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Felipe - I just wanted to know if this pocket that I'm narrowing/tipping as I ascend (and narrow the vowel) is the pharynx, basically. And if the reason for vowel mods was to narrow/tip that thing - like if your pocket was naturally in an "uh" position, higher notes would come more naturally than low notes. It seems not though; I didn't even realize that this wasn't a sensation we all have, so I might just be talking gibberish here.

Rachsing - I'm kind of an idiot when it comes to formants, even though I've read some brilliant posts on the subject here. I'd love to bombard you with questions right now, but maybe I'll do a little more research before I ask you something redundant.

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Raphaels it depends on what you are doing. Correctly executed, when you reach the passaggio, using a high vowel such as ih or uh release tension on the pharynx and raises the tongue. As the tongue raises if you keep everything relaxed the nasal/oral proportion will change and you will need to lift the soft palate to "counter" it.

If you dont, you will have tensions in the tongue from trying to go up and at the same time trying to open the airway to avoid nasality.

A yawn produces both on most people, if used well can be helpfull. Play around with it.

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Ohhh thanks Felipe... maybe that thing I feel "tipping" is the tongue rising, and the perceived narrowing is just the space between the tongue and palate moving upward? I'll play with that yawn thing and think twice before I start slinging around five-dollar words like pharynx ;).

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raphaels, i agree with steve....it has a lot to do with how you wish to sound..

it's very coincidental....i found this video of lou and i want you to listen to his "of" at 23 seconds. do you here the shade to "uh?

do you hear the tone that results from that choice? another singer might of sang it totally diffrently. this is a good thing to understand...

how one singer can differ from another with vowels...it's something you have to pretty much figure out for yourself.

http://www.youtube.com/watch?v=UK10ooON0So

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Felipe - I just wanted to know if this pocket that I'm narrowing/tipping as I ascend (and narrow the vowel) is the pharynx, basically. And if the reason for vowel mods was to narrow/tip that thing - like if your pocket was naturally in an "uh" position, higher notes would come more naturally than low notes. It seems not though; I didn't even realize that this wasn't a sensation we all have, so I might just be talking gibberish here.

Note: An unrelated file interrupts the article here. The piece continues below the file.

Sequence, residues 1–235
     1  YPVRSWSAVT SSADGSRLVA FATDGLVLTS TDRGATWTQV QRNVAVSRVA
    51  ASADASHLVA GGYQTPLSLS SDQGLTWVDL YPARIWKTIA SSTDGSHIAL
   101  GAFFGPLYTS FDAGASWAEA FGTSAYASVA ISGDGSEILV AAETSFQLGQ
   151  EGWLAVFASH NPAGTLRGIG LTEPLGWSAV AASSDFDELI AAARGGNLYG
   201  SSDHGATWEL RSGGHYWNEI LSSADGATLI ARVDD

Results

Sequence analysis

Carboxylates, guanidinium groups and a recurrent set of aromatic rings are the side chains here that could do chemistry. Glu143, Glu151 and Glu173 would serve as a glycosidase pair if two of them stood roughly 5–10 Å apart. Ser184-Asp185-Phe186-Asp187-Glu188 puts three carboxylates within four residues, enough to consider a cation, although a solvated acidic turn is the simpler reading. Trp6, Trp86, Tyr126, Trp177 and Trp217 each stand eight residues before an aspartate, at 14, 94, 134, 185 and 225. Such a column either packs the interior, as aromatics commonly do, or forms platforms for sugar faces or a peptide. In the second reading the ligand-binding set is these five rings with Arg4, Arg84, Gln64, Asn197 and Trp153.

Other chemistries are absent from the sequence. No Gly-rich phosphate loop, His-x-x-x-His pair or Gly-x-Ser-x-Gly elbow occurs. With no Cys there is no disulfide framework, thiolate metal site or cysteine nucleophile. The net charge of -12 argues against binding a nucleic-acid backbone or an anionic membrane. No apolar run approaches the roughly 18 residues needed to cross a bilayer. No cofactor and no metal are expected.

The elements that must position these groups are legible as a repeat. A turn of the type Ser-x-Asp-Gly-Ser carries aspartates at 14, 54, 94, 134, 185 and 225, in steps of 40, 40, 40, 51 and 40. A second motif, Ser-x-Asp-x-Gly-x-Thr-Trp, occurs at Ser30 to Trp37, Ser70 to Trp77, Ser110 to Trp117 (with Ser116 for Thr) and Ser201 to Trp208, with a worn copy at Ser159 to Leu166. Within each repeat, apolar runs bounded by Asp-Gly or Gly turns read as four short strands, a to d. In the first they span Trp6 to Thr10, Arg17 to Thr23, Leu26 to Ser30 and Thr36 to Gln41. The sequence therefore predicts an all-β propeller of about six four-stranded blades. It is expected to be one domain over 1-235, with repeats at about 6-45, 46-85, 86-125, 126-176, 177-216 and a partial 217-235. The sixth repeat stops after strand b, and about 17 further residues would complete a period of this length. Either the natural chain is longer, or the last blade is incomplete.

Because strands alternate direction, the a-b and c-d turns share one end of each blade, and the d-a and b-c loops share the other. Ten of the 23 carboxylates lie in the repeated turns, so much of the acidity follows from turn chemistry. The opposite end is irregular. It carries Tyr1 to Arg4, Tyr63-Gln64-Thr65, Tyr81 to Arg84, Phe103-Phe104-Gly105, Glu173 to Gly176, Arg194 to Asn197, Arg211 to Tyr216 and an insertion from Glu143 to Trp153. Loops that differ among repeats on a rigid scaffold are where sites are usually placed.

Rachsing - I'm kind of an idiot when it comes to formants, even though I've read some brilliant posts on the subject here. I'd love to bombard you with questions right now, but maybe I'll do a little more research before I ask you something redundant.

raphaels: I think I can pull together a nontechnical article on how the dimensions of the sections of the vocal tract combine to influence F1 and F2 locations.

I'll get it out over the week-end, and I hope its helpful to you.

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I saw a stroboscopic video of a lady singer singing something. And when not singing or speaking, the walls of the pharynx were relaxed. While singing, they did close a smidge. But I wonder if that is from extrinsic elevators engaging. And if that is the real "twang." Which you could also call clang, or goosenfrabe, for that matter.

Not strain, mind you, but a proper tension of surface to rebound a note well enough to resonate.

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Following up on my promise of yesterday evening.

First, a picture! A researcher at the University of Arizona had side-view Xray images made of his vocal tract (what we would call saggital sections in the medical world) while he sustained the vowel of a variety of words. He produced graphical images to represent the locations of the bodily parts, and associated those vowels with the first three formants.

Here is the graphic.

I suggest you zoom in a bit with your browser to get the full effect. With this pic, you can get an idea of the relative positions of the tongue and pharyngeal walls, the amount of jaw drop, and, the shape and location of the narrow place in the vocal tract, formed by the location of the tongue and the surrounding tissues as he sustains these vowels.

The vowels are indicated by the syllables beside each picture, and the formants in the wavy chart. Frequency scale is linear, low-to-high is left to right, and intensity is in the vertical dimension.